The Longer Arm And the Higher Point Of View

The Longer Arm And the Higher Point Of View

What do you do when you run out of arm? When you cannot hold a camera high enough – or low enough – or far enough outside a railway carriage – to get the shot you need? Why you hire an assistant who is built like a giraffe or a toad – and is disposable enough that when the railway train goes through an unexpected tunnel you need not worry.

Or you get yourself a Zhiyun Crane 2 – the gimbal arm that adds extra function to itself.

The gimbal as a means of stabilising a video or still shot was covered in one of the previous posts. It’s principle is simple – it is slippery enough in several planes and can be programmed to keep you camera pointed where you specify even if you do not have your eye on the viewfinder or your hands on the body. It can smooth out the jerks and swoops that you make as you film a scene. It is the small version of the big apparatus that Hollywood uses to stabilise cinema cameras ( or the Navy uses to stabilise gun mounts…).

But here’s why you need the Crane 2 – you may want to change focus, or zoom, or aperture, or a number of operations while the camera and lens are on the mount – and the mount may be away above or below where you are. The Crane 2 outfit is equipped with a remote servo mechanism that can integrate with your lens and command cables that can connect to your camera body, and can bring the ability to do these various adjustments down to the control handle. You can hold the rig up above the parapet like a trench periscope and get good footage before the machine gunners spot you. This is a decided advantage at family parties.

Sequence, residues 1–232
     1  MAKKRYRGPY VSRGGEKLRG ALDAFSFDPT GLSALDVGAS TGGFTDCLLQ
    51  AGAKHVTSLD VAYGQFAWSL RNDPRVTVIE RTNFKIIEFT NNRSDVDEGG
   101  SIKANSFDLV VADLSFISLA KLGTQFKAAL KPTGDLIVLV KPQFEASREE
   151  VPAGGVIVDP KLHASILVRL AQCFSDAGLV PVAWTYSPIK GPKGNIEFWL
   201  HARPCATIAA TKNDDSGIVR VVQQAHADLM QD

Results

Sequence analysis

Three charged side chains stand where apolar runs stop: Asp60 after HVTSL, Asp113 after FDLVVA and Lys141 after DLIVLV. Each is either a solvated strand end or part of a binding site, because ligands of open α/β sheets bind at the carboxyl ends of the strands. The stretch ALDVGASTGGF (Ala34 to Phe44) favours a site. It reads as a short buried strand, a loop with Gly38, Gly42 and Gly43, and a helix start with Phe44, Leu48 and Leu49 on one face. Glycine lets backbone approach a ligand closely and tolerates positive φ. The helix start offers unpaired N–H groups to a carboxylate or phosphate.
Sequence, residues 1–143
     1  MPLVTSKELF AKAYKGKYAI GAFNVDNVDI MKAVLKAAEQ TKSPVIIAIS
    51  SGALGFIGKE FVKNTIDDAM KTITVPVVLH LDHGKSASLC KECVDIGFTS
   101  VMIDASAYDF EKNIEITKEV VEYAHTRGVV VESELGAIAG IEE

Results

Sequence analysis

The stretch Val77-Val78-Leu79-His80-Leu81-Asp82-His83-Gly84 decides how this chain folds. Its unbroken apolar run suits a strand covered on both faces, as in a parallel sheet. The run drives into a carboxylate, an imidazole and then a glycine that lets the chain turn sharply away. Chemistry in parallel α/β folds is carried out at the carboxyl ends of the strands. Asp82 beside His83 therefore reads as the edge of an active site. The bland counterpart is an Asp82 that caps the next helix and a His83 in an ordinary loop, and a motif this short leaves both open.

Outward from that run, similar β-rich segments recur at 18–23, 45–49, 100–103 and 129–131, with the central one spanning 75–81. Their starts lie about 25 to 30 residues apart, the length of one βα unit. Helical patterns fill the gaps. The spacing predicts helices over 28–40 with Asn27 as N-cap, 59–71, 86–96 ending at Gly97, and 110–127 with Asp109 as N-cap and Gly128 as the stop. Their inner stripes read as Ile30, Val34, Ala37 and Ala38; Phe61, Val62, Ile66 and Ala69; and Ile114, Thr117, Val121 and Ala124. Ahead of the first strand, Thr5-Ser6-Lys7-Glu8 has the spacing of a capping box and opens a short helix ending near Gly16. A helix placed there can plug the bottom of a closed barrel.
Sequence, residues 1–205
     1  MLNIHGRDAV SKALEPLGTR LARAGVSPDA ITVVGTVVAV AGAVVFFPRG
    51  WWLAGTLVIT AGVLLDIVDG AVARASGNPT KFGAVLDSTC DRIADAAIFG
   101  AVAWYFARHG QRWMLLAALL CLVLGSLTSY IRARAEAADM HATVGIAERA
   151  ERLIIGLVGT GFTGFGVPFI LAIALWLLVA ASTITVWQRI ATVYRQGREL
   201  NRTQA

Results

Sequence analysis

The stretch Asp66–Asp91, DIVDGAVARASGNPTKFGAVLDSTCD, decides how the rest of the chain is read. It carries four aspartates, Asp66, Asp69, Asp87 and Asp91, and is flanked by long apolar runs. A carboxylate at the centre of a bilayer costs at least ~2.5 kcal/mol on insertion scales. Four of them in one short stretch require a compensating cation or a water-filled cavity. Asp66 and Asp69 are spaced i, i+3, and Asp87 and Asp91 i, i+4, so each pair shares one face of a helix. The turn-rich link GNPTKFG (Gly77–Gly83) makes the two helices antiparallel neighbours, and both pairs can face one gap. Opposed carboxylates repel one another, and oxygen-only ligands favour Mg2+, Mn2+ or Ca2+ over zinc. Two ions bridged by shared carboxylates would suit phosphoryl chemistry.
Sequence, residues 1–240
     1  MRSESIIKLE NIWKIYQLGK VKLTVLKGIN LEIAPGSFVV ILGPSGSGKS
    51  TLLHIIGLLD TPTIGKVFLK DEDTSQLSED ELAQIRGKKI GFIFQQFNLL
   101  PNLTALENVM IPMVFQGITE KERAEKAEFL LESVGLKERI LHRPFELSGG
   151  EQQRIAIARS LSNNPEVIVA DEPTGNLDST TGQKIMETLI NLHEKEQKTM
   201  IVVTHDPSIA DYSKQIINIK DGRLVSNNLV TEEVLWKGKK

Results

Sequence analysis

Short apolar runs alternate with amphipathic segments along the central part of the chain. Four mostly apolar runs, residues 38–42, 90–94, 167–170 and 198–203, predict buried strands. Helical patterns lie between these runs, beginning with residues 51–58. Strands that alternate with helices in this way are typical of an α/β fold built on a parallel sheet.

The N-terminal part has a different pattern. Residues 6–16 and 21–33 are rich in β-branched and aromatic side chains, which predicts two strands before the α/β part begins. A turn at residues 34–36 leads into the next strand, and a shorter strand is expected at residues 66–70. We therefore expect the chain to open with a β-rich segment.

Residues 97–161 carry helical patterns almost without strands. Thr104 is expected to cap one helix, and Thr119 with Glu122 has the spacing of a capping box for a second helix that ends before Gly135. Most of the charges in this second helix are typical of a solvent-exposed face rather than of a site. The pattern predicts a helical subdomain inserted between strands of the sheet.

It’s no amateur rig. Well-cased and well-presented, with all the accessories and cables you’ll need to connect to the supported cameras  – see the Zhiyun site for the complete list, but I see Panasonic, Canon, Nikon, and Sony there on the page.

 

No excuses now for footage taken at conventional angles or from boring positions.

 

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